Florida Highway Safety and Motor Vehicle’s Traffic Crash Annual Report stated that there were 281,340 crashes in 2012, and because Florida intersections are the single most common location which car accidents occur, roundabouts are used as a method of improving traffic flow.
Studies of intersections in the United States converted from traffic signals or stop signs to roundabouts have found reductions in personal injury crashes of 72-80% and decrease in overall crashes of 35-47%. However, if roundabouts are not correctly navigated, motorists could find themselves in a car accident.
Read below for our helpful guidelines and driving tips to avoid accidents when going through roundabouts.
Going About a Roundabout
There are two types of roundabouts: Single-lane roundabouts and double-lane roundabouts.
Single lane: When approaching a single-lane roundabout, motorists will be notified via a yellow sign that contains three arrows pointing counter-clockwise in a circular motion. As soon as drivers become aware that a roundabout is ahead, they should slow down and prepare to yield to traffic. At the entry of the roundabout, wait for an opportunity to enter. Whenever possible, avoid entering a roundabout next to another vehicle as that car could be planning on exiting at the next available opportunity.
Double lane: When approaching a double-lane roundabout, motorists should see two signs: the yellow “roundabout ahead” sign and a black-and-white “lane choice” sign. Drivers should choose their lane as they enter. Those who plan on exiting less than halfway through should use the right lane, while drivers who would like to exit more than halfway through should use the left lane. Drivers who plan on going straight through the roundabout should simply stay in the lane they are in unless there are signs that direct them to do otherwise.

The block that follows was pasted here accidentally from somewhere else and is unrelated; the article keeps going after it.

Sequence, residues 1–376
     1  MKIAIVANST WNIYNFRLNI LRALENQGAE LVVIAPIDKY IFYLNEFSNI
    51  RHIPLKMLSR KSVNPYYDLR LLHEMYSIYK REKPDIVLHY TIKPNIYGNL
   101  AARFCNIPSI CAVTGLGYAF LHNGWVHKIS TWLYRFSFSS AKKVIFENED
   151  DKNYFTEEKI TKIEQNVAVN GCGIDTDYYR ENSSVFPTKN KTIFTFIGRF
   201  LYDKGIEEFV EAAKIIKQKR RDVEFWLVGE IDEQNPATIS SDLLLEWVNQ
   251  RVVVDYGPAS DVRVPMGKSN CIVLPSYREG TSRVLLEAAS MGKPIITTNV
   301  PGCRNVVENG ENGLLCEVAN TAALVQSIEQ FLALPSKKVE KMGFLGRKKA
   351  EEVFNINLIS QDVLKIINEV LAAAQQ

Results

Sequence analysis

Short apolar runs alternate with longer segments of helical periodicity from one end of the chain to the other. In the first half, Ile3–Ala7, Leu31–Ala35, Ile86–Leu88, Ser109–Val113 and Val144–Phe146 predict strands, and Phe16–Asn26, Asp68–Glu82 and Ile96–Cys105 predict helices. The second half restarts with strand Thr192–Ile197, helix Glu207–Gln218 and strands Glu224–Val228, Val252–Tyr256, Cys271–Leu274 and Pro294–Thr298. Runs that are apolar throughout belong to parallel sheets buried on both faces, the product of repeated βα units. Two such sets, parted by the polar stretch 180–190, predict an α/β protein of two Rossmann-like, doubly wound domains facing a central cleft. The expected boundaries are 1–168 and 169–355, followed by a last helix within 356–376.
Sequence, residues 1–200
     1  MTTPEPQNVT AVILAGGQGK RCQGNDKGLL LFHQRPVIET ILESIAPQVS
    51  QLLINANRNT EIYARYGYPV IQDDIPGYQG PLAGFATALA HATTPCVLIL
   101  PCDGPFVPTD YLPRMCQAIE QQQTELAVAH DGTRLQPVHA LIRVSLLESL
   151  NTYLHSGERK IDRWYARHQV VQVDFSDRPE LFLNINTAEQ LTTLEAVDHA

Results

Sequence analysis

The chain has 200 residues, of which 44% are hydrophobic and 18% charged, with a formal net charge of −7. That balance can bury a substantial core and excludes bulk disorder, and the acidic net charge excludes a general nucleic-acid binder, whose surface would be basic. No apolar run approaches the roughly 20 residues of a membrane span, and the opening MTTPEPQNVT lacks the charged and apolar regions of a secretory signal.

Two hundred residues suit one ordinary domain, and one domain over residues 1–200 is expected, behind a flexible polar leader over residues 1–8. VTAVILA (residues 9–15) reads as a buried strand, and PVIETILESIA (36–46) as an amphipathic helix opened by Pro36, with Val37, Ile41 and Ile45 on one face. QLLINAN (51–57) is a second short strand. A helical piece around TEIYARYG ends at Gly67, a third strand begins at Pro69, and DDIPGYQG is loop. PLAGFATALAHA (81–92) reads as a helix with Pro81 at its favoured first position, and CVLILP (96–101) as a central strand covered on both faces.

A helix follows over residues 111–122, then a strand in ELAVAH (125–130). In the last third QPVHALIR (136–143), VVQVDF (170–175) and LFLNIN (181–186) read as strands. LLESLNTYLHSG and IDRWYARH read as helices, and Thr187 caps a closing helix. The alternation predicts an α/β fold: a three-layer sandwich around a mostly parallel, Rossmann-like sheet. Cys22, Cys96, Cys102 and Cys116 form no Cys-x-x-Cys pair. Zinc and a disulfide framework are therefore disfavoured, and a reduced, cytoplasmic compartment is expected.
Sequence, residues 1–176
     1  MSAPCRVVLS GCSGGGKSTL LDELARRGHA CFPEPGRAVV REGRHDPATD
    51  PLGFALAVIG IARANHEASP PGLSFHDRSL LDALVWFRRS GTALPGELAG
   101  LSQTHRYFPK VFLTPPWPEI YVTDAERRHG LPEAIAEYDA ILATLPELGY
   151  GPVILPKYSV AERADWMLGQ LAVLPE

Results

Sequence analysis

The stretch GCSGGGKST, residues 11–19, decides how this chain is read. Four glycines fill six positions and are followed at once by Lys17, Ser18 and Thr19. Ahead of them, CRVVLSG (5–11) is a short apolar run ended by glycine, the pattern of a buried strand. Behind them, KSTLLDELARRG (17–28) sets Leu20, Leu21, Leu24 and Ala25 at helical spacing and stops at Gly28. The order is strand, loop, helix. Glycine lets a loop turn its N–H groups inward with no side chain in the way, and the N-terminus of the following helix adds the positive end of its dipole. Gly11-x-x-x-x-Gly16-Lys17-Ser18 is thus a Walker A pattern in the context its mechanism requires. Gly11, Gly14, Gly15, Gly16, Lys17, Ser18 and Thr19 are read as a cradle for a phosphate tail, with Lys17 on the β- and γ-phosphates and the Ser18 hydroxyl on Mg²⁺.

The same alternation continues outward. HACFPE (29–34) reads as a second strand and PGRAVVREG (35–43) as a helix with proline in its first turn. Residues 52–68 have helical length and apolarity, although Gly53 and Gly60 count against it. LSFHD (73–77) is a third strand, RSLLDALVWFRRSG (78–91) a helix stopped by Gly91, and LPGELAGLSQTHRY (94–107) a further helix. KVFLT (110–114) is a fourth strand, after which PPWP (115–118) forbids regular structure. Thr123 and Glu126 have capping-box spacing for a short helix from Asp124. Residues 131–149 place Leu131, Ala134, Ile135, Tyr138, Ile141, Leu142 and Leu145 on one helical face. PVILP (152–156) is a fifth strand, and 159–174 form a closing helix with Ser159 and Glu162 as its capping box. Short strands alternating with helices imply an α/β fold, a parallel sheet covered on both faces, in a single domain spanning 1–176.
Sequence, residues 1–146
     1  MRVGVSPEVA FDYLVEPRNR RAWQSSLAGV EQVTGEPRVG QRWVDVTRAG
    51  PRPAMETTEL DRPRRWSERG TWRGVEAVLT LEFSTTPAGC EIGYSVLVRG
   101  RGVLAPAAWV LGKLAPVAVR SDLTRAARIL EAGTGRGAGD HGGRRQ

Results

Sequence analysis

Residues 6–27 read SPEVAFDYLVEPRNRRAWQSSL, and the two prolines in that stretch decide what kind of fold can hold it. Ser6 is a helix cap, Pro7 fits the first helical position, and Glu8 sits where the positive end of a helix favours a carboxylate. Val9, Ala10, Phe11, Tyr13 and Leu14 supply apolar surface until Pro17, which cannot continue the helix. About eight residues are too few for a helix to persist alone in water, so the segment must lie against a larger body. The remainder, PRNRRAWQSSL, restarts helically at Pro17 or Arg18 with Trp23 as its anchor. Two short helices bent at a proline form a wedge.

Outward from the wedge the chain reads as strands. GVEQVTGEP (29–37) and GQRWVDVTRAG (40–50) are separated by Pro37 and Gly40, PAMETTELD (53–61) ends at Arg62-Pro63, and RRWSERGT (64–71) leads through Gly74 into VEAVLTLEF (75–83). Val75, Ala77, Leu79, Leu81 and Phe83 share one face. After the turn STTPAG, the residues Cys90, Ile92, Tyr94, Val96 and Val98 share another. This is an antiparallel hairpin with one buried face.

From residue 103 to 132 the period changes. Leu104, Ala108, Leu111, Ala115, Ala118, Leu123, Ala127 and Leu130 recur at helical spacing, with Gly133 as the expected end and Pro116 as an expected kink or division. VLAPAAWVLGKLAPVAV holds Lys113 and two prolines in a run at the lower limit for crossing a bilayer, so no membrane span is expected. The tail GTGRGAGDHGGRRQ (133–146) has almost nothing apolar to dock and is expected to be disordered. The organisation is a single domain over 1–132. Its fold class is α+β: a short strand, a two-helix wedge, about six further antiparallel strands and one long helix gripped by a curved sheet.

Drivers who are turning right should enter the roundabout in the right-hand lane, and remain in that same lane throughout. Exiting should be done by using a right turn signal. When turning left, motorists should be in the left-hand lane, remain there until they are ready to exit, and then use a right turn signal to let others know they are intending to exit the roundabout.
A good rule-of-thumb is not to switch lanes while inside a roundabout, as doing so could result in a collision. It is also important to remember that motorists who are inside the roundabout have the right of way over those who are entering it. Pedestrians and motorists may also be using a roundabout, so operators should be aware of their presence and allow them plenty of room to navigate.
Round and Round We Go
Here are a few of the best practices that should be followed inside roundabouts in order to reduce the odds of a car accident occurring:
- Motorists should avoid passing or overtaking other vehicles inside the roundabout.
- Extra caution should be used when exiting, and other motorists should also be made aware of an individual’s intentions through the use of a turn signal.
- Oversized vehicles may require both lanes of the roundabout, so others should give them ample room.
- Drivers should not stop for emergency vehicles while inside a roundabout. Whenever possible, this should be done before entering the roundabout; otherwise, motorists should go ahead and complete navigation before stopping.
- Those who inadvertently miss an exit may simply drive around the roundabout until they come to it again.
According to a study in the city of Oviedo in Central Florida, roundabouts have caused a 90% reduction in fatalities, 76% reduction in injury crashes, 30-40% reduction in pedestrian crashes, and 75% fewer conflict points at 4-way intersections. Roundabouts have also proved to be advantageous to older drivers and pedestrians.
Injured in an Auto Accident in a Roundabout?
With proper knowledge of navigating roundabouts, car accidents can be greatly reduced, but if you’ve been involved in a car accident, click here to read the appropriate steps to take following or call 813-915-1110 for a free case consultation with Tampa car accident attorney Mike Hancock. Our phones are answered 24/7. Or email Mike with your legal questions.